‘Mad, muddy country’
Once revved up, Baskery’s smokin’ brand of Swedish Americana kills at the Big Room
Chico, CA 95928
Three Swedish sisters walk into a brewery, one pulls out a banjitar … It sounds like the beginning of a joke but I’m at a loss to find the punch line, because it’s exactly what happened last Thursday, July 15, when Baskery played at the Big Room.
While some foreign interpretations of distinctly American art forms—in this case country-based roots rock—are inadvertently laughable, Baskery is no joke. The Bondesson sisters (eldest Greta on six-stringed banjo, middle sister Stella on bass and youngest Sunniya on guitar) deliver shockingly convincing Americana.
The first half of the show focused on the band’s slower material, mostly from its 2009 debut Fall Among Thieves. A lifetime of playing music together is apparent onstage. Their musicianship is extremely tight and the three-part harmonies nothing short of angelic, but something seemed missing as they worked through songs like “The Brave” and “Harsh.”
The band is self-described as “high-voltage banjo-punk,” but the first hour was more mid-tempo acoustic country just a few blonde hairs more punk than The Dixie Chicks. Not that turning down the tempo and treble was all bad, allowing for the revelation that the lyrics are interesting and well-written, particularly on the two-part “Oscar” saga, a two-perspective retelling of their first show ever at a Scandinavian roadhouse.
The sisters write music together and apart, with Greta’s slower songs sticking to traditional country motifs—drinking and heartache—while Sunniya sang a not-so-sunny song about living in the slums of Stockholm.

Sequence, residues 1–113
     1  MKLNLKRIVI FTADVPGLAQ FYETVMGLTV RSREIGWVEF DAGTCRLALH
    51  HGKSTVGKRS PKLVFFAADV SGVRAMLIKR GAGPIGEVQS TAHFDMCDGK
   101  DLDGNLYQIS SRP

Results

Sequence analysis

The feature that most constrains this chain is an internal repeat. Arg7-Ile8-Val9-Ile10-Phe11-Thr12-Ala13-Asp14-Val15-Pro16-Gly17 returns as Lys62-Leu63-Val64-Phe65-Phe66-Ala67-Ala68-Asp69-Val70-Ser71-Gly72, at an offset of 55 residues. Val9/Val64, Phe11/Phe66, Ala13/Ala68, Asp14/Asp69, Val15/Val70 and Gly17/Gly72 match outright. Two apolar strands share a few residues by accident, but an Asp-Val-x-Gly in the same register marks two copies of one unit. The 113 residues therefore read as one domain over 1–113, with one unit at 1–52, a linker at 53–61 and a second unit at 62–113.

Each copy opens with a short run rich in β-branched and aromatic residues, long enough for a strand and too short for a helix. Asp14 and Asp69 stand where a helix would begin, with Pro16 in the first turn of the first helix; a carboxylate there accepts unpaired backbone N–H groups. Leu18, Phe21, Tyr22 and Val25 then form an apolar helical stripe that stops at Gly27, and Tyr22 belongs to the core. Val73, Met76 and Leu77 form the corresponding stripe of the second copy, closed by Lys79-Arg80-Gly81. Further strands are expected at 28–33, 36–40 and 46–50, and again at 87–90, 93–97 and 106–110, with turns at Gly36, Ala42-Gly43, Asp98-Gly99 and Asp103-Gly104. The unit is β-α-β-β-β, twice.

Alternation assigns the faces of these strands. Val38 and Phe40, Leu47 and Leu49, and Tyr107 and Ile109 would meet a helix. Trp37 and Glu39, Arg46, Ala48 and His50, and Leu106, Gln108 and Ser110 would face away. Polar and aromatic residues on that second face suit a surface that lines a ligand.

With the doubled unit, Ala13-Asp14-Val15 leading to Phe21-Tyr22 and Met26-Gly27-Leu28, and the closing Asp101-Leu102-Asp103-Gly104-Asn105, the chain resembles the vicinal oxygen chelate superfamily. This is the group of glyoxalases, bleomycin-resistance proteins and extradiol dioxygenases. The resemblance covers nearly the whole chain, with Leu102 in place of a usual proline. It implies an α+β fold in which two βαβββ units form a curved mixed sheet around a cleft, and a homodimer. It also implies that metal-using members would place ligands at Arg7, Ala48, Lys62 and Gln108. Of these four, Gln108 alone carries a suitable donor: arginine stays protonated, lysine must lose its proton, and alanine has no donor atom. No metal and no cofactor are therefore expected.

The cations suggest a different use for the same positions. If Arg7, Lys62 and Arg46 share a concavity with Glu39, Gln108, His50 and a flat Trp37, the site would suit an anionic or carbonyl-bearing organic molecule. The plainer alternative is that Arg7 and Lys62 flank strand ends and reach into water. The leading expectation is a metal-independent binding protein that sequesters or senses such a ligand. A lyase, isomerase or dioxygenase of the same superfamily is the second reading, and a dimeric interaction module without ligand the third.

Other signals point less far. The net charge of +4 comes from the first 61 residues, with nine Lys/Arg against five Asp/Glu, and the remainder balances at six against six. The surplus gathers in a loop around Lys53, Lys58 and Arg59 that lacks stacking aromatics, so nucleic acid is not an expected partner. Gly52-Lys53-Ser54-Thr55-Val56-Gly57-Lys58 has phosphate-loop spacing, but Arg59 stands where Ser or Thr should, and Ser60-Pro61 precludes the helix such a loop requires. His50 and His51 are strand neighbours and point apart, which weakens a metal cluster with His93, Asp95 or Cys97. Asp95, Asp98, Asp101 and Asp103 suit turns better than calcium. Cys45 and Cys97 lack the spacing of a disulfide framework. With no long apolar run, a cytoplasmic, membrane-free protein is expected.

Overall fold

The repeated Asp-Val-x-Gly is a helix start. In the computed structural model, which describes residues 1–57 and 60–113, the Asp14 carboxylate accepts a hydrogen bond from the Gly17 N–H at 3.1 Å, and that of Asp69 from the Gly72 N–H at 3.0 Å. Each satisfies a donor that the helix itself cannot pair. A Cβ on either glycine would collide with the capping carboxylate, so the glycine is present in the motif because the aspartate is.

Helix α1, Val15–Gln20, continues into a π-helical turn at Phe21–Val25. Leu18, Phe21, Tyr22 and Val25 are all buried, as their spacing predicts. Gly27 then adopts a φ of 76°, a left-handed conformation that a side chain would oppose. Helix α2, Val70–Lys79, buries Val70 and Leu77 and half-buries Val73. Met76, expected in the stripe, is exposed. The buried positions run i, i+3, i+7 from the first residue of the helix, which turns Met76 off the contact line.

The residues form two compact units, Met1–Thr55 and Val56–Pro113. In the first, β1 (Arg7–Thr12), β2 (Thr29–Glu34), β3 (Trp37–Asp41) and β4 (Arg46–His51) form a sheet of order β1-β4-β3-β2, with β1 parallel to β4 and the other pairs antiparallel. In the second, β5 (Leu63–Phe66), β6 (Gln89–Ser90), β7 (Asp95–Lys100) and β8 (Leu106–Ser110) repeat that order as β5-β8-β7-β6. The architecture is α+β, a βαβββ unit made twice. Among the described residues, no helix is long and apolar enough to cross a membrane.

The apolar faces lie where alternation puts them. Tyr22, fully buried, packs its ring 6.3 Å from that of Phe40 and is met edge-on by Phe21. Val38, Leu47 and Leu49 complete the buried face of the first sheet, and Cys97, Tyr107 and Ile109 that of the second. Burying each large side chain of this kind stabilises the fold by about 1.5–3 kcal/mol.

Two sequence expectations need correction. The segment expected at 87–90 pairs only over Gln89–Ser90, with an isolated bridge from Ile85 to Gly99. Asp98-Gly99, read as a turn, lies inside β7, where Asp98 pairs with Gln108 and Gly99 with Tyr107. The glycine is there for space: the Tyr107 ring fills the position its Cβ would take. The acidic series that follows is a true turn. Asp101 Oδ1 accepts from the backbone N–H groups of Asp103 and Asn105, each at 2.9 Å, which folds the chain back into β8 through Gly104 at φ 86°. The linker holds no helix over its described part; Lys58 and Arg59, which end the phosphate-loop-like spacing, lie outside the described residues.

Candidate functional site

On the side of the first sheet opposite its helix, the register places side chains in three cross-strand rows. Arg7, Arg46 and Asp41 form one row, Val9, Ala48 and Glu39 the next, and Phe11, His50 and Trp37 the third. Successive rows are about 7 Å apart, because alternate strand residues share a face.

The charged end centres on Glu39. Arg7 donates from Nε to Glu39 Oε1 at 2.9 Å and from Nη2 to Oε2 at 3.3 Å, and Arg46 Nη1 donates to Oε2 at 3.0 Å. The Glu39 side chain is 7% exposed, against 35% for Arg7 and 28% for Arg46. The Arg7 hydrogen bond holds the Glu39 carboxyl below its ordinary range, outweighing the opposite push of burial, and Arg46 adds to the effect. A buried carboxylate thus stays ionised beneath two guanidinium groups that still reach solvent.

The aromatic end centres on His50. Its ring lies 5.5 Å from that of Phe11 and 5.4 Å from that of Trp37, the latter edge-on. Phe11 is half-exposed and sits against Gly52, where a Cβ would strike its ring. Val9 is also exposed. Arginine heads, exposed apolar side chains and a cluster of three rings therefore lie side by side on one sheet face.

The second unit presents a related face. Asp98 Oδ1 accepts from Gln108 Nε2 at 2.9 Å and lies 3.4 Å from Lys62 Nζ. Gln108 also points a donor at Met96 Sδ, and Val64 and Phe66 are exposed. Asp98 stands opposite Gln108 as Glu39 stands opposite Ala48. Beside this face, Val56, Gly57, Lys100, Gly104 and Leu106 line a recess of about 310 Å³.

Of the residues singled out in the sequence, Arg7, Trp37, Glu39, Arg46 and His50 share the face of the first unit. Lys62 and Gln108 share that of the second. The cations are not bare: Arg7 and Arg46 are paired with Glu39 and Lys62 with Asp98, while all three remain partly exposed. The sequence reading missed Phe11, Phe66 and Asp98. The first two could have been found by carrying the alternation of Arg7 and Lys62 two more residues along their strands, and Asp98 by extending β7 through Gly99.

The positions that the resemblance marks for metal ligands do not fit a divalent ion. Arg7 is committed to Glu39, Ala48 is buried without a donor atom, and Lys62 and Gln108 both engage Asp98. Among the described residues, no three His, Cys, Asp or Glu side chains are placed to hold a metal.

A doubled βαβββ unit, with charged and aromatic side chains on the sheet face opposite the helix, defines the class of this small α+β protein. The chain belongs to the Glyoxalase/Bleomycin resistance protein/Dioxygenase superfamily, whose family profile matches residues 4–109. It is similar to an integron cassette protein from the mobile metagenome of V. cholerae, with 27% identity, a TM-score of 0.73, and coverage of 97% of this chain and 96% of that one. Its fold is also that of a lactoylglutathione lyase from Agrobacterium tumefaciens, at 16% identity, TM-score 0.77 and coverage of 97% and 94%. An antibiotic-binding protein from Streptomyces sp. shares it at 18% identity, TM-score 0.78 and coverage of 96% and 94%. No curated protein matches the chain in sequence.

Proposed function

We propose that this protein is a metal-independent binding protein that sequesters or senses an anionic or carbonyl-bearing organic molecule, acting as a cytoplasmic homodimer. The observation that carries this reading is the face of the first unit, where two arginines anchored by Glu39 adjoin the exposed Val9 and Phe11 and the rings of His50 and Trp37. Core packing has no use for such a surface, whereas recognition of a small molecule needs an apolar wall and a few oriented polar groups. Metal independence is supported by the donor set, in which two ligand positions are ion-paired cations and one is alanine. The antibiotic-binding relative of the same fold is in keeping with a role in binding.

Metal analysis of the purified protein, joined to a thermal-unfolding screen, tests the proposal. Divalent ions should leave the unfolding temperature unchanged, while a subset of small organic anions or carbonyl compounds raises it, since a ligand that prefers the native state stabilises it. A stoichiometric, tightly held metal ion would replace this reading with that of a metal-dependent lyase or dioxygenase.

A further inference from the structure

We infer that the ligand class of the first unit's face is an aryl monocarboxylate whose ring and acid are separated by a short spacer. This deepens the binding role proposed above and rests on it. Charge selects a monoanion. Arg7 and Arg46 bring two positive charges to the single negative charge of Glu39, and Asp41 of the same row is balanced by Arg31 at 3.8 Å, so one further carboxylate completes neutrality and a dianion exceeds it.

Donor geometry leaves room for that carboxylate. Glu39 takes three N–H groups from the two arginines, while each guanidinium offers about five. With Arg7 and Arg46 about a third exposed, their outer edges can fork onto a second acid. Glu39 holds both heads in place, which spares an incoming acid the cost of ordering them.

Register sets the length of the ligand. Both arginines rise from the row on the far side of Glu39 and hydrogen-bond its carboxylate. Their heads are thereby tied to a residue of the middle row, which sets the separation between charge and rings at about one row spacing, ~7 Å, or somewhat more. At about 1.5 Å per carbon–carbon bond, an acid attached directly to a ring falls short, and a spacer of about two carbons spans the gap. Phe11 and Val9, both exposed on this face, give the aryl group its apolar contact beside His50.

“[Americans think] there are polar bears walking down the streets and everything is nice all the time,” she explained, “but it has sketchy parts.”
So they can write songs, but still, I came to watch three Scandinavian chicks get down and dirty. Fortunately, I ultimately wasn’t disappointed.
“Are you guys ready for some mad, muddy country music?” Greta asked as she strapped a harmonica over her neck and her bare feet finally started kicking the bass and snare-drum pedals at her feet.
The kicking didn’t stop for the rest of the show, driving Baskery through at least a half-dozen raucous songs and washing away any saccharine taste left from earlier in the set.
Baskery’s markedly more badass alter-ego is based around the eldest sister’s bluesy fretwork and distorted slide. The six-stringed banjo is too often used as a crutch for guitarists unwilling to learn how to pick a real banjo, but Greta is obviously no second-string rhythm player. She uses the instrument both as it was intended to be used and in ways most people wouldn’t dream of. Deeply rooted in traditional blues but with a penchant for volume and feedback, stylistically she could be Jack White’s Swedish cousin.
Baskery thrilled the Big Room audience through songs like “Haunt You,” “Shame” and “Out-of-Towner,” a knock on Stockholm’s male population built around a single refrain—“I don’t want to go to bed with a man from town.”
Baskery’s showmanship is undeniable, and they charmed the audience like sirens, flirting through banter (“We are waiting to be petted,” Sunniya said at one point. “We may look like cats but we act like dogs.”) and more interestingly musically, with stops, starts and bluesy breakdowns. By the time they closed with a raucous rendition of the traditional “Rollin’ and Tumblin’,” à la Muddy Waters, few in the crowd weren’t hooked.
All told, Baskery seems to be walking a tightrope between becoming mediocre mainstream country sweethearts or kick-ass axe-welding valkyrie of the indie Valhalla. Here’s to hoping they realize their sound is right there in the latter, soaking up beer on the floor of some Viking long-hall-turned-juke-joint before some fast-talking asshole from Nashville convinces them otherwise.